7. The touch-free faucet adapter apparatus as set forth in claim 1, wherein said sensor unit comprises a temperature sensing element mounted in contact with said faucet, and
said controller unit comprises:
a first servo-type valve for adjusting a flux of a hot water source;
a second servo-type valve for adjusting a flux of a cold water source;
a latching solenoid valve for activating and deactivating a flow of water through the faucet;
a controller circuit, wherein said controller circuit receives a temperature sensing signal from said temperature sensing element and uses said signal to control said first and second servo-type valves to archive desired water temperature;
wherein said controller circuit additionally automatically pulses the said faucet to an off state upon power failure and said controller unit further includes a short term power storage capacitor to provide power for the shutoff; and
wherein said controller circuit additionally provides a 1.5 second delay and sensor hysteresis to prevent the water from pulsing on and off in response to the movement of hands in and out of a range of detection of said sensor unit.
8. The touch-free faucet adapter apparatus as set forth in claim 1, wherein said control unit comprises a microprocessor to provide a cumulative measurement of the total time said faucet has been activated and an approximate volume of water dispensed.
9. The touch-free faucet adapter apparatus as set forth in claim 1, wherein said control unit comprises a microprocessor to provide a pre-programming of initial settings.
10. The touch-free faucet adapter apparatus as set forth in claim 1, wherein said control unit comprises a microprocessor to provide an automatic test sequence for field servicing.
11. The touch-free faucet adapter apparatus as set forth in claim 1, wherein said control unit comprises a microprocessor to provide functions to monitor and adjust the temperature of water emerging from said faucet.
12. The touch-free faucet adapter apparatus as set forth in claim 1, wherein said control unit comprises a microprocessor to provide functions to limit the time said faucet may remain activated.
13. The touch-free faucet adapter apparatus as set forth in claim 1, wherein said control unit comprises a microprocessor to provide functions to permit inhibiting the controller unit from activating the flow of water though the faucet when an inhibit command has been input.
14. The touch-free faucet adapter apparatus as set forth in claim 1, wherein said control unit comprises a microprocessor to provide functions to display a signal indicating that the flow of water through the faucet has been activated when the flow of water through the faucet has been activated.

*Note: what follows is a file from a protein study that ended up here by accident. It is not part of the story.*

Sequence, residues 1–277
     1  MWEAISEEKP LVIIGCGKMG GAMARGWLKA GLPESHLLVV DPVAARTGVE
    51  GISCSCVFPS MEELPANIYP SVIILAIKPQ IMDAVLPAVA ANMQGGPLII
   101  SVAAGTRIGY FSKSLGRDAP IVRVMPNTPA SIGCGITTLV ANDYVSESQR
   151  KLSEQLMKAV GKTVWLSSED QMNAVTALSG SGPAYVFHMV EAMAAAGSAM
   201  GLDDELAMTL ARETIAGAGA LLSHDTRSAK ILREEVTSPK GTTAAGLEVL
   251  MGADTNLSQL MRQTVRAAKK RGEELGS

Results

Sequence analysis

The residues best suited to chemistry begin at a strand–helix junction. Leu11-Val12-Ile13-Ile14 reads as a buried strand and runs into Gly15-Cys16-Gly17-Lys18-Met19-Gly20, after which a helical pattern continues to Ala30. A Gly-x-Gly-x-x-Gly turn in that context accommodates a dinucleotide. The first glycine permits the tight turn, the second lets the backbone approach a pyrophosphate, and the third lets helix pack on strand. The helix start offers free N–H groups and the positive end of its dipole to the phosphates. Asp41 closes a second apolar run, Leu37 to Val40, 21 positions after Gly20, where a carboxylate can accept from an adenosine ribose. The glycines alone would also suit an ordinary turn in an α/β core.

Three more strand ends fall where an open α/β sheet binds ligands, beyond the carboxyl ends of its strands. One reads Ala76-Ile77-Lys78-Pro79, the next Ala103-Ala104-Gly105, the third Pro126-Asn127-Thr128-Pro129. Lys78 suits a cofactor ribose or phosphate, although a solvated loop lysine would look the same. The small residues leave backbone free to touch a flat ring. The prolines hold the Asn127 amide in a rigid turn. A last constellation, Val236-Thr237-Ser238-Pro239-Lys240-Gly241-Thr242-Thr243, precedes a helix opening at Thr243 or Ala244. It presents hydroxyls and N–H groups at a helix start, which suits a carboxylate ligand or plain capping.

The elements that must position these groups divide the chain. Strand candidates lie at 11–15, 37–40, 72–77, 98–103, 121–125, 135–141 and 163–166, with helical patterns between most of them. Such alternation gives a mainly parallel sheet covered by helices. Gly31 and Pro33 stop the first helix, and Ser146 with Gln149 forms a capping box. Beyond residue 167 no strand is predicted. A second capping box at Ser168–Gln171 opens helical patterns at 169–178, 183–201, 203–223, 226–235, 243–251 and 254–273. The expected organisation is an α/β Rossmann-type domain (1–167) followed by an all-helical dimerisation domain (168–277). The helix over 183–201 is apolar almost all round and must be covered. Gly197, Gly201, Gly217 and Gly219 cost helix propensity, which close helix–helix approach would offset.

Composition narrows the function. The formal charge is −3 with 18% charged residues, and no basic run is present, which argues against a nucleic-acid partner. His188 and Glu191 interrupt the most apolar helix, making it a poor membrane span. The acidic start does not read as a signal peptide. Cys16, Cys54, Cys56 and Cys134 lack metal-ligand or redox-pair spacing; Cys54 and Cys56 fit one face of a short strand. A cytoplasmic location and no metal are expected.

Description
FIELD OF THE INVENTION

The present invention relates to the field of sink faucet units and, more particularly, to an apparatus for adapting conventional gooseneck faucets for touch-free operation.

BACKGROUND OF THE INVENTION

In environments such as food handling facilities, there is typically a need for touch-free faucets to improve sanitation. Many such facilities contain a large number of hand washing stations outfitted with sinks using conventional faucets that are activated by hand.

Typically, facilities wishing to adopt touch-free faucets must replace all of their conventional sinks with sinks outfitted with touch-free faucets. Therefore, adoption of touch-free faucets typically comes at great expense to those facilities wishing to upgrade, thereby preventing many such facilities from being able to adopt touch-free faucets and preventing these facilities from improving sanitation. Consequently, there is a need for a way to retrofit sinks having conventional faucets with touch-free faucets.

OBJECTS AND SUMMARY OF THE INVENTION

It is an object of the current invention to solve the problem discussed above relating to previously known touch-free faucets.

Specifically, it is an object of the current invention to provide a touch-free faucet that can be adapted to conventional sinks without the need of replacing the entire sink.

It is also an object of the current invention to provide a hand sensing system that is less likely to produce a false activation.

It is also an object of the current invention to provide a hand washing system that will not lock in the “on” position allowing water to flow under conditions of a power outage.

It is also an object of the current invention to provide a hand washing system that is microprocessor controlled and capable of collecting and utilizing operational data to provide additional features.

The current invention allows users to retrofit existing conventional sinks with touch-free faucets.